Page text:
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This was the year to hold a newly hatched baby sea turtle.

Baby turtle The year for my Dad to hear stories.Dad The year to walk the Great Wall of China.Great Wall of China The year to sit in my 1st grade classroom seat again.

Cliffside Park School #3 The year A is for Australia was released.A is for Australia The year to see a giant prawn. Giant prawnThe year to tour Kentucky, Broome, Darwin, Melbourne, New Jersey, Adelaide, Maryland, Sydney, Kalgoorlie, School of the Air and beyond.
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Freshwater BaySchool of the Air

 

The year Midnight was released in the USA. KentuckyThe year one cried seeing the Grand Canyon for the very first time. Grand CanyonThe year to hike the Chiricahua mountains.Chiricahua mountains The year to present at festivals in China, India, Australia and the USA. Booker Festival PuneChengdu, ChinaPrinceton Book FestivalThe year to see baby pandas.IMG_3186

The year to stand on a corner in Winslow, Arizona. WinslowHappy trails for 2016!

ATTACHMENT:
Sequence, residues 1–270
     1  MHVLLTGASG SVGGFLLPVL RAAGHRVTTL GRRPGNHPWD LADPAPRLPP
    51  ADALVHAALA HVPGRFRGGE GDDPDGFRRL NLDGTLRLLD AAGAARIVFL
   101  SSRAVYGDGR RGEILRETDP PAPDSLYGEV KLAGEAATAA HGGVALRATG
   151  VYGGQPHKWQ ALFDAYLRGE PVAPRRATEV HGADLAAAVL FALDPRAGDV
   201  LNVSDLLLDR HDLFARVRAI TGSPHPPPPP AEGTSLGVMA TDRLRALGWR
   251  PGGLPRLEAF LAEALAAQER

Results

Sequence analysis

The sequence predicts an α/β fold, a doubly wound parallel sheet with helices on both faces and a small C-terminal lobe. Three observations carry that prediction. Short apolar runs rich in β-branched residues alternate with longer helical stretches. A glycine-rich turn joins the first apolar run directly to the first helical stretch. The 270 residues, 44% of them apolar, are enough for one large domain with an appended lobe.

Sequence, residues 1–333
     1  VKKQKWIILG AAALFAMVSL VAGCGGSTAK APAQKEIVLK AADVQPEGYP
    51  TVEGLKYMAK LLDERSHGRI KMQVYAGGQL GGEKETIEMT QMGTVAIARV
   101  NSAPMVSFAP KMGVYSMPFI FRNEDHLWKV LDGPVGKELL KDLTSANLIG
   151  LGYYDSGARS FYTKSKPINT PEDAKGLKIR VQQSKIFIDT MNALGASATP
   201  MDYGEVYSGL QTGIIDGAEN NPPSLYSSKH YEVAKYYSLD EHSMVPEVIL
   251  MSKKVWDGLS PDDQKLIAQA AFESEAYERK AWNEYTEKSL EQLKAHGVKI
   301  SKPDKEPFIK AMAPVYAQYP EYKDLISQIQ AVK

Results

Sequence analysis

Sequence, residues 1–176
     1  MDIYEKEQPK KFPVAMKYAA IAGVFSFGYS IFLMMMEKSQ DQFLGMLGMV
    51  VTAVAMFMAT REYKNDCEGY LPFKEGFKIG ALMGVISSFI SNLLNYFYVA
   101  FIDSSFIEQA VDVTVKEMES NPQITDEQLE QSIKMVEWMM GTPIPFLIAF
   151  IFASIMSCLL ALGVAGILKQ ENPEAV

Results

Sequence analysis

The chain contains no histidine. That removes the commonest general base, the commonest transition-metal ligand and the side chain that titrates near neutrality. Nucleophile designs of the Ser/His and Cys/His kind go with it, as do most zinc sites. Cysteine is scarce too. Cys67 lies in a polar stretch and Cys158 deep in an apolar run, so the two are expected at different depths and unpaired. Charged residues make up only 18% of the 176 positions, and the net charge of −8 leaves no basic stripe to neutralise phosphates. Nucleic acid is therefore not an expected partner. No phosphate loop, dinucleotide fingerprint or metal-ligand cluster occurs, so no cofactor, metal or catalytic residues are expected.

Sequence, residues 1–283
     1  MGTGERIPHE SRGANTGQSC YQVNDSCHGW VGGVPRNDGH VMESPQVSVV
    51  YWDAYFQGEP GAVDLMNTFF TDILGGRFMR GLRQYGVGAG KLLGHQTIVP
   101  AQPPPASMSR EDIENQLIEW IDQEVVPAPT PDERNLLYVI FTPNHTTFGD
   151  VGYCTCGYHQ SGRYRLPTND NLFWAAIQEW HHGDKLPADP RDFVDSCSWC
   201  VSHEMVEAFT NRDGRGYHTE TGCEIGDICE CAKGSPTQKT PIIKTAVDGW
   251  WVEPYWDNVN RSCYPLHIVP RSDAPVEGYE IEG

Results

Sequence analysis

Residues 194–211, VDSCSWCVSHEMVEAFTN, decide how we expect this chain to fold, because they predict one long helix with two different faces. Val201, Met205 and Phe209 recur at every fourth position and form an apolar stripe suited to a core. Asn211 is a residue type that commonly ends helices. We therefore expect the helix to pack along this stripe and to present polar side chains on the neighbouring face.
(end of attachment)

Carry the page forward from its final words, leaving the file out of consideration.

Children’s literature in India is blossoming. Parents and teachers are starting to appreciate the importance of books and reading for pleasure in their children’s lives. Festivals like Bookaroo are a testament to this growing understanding. Bookaroo’s mission is to bring children and books together in a borderless world and we need to celebrate the passionate founders: Jo Williams, Swati Roy and Venkatesh! It’s the first children’s literature festival held in India and has now expanded to over four cities – Delhi, Srinagar, Pune and Goa!   I was incredibly lucky to participate at my second Bookaroo Festival, this time held in Pune. 

The main festival is preceded by Bookaroo in the City, an outreach programme where authors/illustrators were taken into local schools. Visiting local schools is always a highlight for me, but going to a NGO (non-government school) and working with underprivileged kids is like mainlining to the core of my heart.

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There is nothing in the entire world more gratifying then to give time and support to these children. Getting an education in India is not taken for granted, especially for girls. When you see their eagerness to learn and how precious the opportunity to go to school is to each and every child from the earliest age, there is nowhere in world you’d rather be. To find out more, please check out the Peepal Foundation.